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Kayla Fratt 

Yeah, that makes perfect sense, it would be pretty challenging to figure out what kind of constitutes an intact, healthy Jaguar supporting ecosystem without having a really good understanding of what they’re eating. And I would imagine that it may also vary quite a bit from the I mean, jaguars are such a wide ranging species that hopefully, this is just the sort of thing that is going to get the ball rolling and get started here. And you know, maybe we’ll learn more about some of the Jaguars that are up in the Mexican, you know, in northern Mexico went all the way down to central South America. One day, I know you, you already have enough projects for your PhD. So that’s just a free idea for someone else. So why don’t we pivot a little bit unless there’s Is there anything else you want to bring up about your research or WCS are your work here that we haven’t talked about yet?

Ellen Dymit 

Yeah, I did want to mention that the park that we’re in right now, in particular Laguna del Tigray is a really unique instance of conservation need. It’s very threatened by Narco deforestation, which is a complicated issue, but essentially involves the intentional setting of wire wildfires to clear land Parkland illegally to move in communities for cattle ranching operations that end up being money laundering or tangentially associated with narco trafficking activities, cocaine, specifically in this part of the world. So our data collection is happening right along what they call the limit. It’s sort of the last frontier of intact forest here, abutting the range land that has been encroaching with Narco deforestation progression from the west. So understanding the ecological complexity, and sort of reconstructing foodweb assemblages, for this part of the forest is particularly important given that this area is the frontline of conservation for the ecosystem.

Kayla Fratt 

And we’ve also got a pretty special bird that still uses this place to nest you want to talk to us a little bit about the guaca.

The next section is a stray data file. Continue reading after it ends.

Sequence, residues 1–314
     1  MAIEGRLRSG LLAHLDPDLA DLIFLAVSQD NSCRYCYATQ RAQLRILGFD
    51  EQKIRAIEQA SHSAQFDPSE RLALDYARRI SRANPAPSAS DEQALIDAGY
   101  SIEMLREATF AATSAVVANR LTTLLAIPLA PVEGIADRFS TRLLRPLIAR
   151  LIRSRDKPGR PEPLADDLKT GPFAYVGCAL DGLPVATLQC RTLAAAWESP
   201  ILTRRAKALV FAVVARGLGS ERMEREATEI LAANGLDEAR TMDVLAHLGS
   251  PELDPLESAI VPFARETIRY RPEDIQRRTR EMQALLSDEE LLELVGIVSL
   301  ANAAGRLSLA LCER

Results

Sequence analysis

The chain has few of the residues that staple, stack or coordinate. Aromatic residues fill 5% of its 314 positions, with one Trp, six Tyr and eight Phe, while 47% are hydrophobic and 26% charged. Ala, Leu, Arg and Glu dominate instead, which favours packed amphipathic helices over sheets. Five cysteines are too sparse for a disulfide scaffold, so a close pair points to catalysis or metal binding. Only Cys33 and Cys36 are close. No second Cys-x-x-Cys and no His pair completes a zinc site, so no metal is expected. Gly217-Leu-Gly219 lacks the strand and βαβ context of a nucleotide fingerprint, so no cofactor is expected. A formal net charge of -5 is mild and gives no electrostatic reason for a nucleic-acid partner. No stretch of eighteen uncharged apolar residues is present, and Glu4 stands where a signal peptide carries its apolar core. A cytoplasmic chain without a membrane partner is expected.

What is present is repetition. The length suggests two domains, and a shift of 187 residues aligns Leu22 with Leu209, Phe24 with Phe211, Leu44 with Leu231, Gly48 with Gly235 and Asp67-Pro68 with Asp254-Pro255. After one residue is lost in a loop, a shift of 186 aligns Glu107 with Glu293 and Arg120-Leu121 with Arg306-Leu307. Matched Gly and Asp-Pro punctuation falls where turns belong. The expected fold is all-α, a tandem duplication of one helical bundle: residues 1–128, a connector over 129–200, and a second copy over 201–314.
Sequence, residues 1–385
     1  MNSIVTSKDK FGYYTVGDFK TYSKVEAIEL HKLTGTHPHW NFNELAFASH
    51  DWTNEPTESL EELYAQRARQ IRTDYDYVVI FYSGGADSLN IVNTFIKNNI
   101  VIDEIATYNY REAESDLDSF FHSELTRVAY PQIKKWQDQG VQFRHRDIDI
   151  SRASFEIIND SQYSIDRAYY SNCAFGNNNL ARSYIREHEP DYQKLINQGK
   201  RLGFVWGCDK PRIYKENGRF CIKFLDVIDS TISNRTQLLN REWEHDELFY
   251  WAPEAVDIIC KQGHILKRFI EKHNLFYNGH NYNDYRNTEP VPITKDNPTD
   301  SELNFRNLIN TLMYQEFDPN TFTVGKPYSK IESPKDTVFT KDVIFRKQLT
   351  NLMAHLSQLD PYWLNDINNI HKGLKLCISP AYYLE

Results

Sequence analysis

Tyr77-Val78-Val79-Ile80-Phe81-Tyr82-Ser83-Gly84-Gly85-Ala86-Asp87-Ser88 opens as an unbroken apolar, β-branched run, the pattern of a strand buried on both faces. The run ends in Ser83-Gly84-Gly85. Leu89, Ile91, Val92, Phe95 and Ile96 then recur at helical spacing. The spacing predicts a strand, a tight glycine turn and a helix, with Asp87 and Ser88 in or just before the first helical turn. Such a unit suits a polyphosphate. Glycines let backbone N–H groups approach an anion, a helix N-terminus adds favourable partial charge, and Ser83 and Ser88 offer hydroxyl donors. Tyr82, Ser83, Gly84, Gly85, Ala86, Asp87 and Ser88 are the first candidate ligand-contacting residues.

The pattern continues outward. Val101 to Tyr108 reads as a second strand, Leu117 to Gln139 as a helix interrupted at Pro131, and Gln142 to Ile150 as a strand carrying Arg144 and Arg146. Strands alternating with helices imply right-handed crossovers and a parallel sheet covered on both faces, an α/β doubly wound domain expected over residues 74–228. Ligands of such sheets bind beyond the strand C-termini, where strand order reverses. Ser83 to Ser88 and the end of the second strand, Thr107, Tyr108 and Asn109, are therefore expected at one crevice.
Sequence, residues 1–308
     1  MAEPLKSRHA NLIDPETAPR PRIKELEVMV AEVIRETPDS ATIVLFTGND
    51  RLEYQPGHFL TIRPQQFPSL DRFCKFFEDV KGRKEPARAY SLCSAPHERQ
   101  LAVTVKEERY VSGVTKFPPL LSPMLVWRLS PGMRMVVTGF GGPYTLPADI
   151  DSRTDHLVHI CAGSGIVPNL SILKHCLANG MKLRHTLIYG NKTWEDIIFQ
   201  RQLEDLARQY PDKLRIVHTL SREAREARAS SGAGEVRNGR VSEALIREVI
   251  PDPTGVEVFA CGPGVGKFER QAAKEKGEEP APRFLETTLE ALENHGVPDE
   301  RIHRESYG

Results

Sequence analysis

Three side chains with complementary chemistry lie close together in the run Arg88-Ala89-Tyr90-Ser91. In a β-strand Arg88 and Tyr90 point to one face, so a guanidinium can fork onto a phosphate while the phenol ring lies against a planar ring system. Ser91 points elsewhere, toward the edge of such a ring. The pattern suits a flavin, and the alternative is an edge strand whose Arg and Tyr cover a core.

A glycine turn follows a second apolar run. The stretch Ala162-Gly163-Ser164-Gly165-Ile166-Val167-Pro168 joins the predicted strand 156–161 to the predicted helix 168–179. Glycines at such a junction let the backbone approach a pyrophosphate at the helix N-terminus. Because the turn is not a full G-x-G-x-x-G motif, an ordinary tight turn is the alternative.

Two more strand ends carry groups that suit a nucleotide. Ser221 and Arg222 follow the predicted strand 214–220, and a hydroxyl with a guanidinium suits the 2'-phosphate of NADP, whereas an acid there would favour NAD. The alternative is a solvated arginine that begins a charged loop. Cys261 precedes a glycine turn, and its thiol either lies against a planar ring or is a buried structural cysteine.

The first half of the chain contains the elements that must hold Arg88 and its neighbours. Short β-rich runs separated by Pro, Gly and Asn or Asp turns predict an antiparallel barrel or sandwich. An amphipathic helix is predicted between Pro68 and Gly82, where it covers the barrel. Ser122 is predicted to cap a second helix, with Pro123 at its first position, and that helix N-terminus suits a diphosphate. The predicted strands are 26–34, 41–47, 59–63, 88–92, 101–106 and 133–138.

Ellen Dymit 

Yeah, so this subspecies of scarlet Macaw that lives in southern Mexico, northern Guatemala, and Belize only nests as far as we know, in the Laguna del t gray National Park where we are, and there’s estimated to be around 250 to 300 individuals remaining in the wild here, which is obviously not very many and sort of the main driver, drivers of the population declines for these macaws have been loss of habitat through this Narco deforestation, as well as poaching of nests for the illegal wildlife trade, which is mainly supporting a market and the United States of pet Scarlet macaws.

Kayla Fratt 

Gotcha. Yeah, thank you. And we’ve had the privilege of getting to see some of these these macaws over pretty much every day we’ve been here and it’s been a real treat. There’s such such cool birds and it’s a real you know, it’s a real shame to to know that they’re under threat pretty much you know, here as well. There’s a really good book if anyone’s interested in Scrum, because that I just love recommending people called the last flight of the scarlet Macaw, which is about the loss of I assume this subspecies last nesting area in Belize. So these these poor poor birds are really struggling and anyway, it’s been a real privilege to see them. So why don’t we they pivot now a little bit to talking about the dogs now that we have maybe one short survey day left before we hop back on the boat and back in the car and make our pilgrimage back to civilization. What have been some of your impressions or observations of working with the detection dogs so far?

Ellen Dymit 

Well, I’ll start by saying that I’m really pleased with how much scat they have found, Barley in particular, and I wish that they were staying for my whole field season because I know we would get a ridiculous amount of staff that way. But even so just in our seven or so days of sampling with them, we’ve managed to find 60 scats, which is incredible. It’s way more than I would ever find by myself or have ever found by myself here before. In fact, I think 60 scats is about what I would collect in two months of on foot searches by myself here. So the fact that we got that done in seven days is very exciting for me.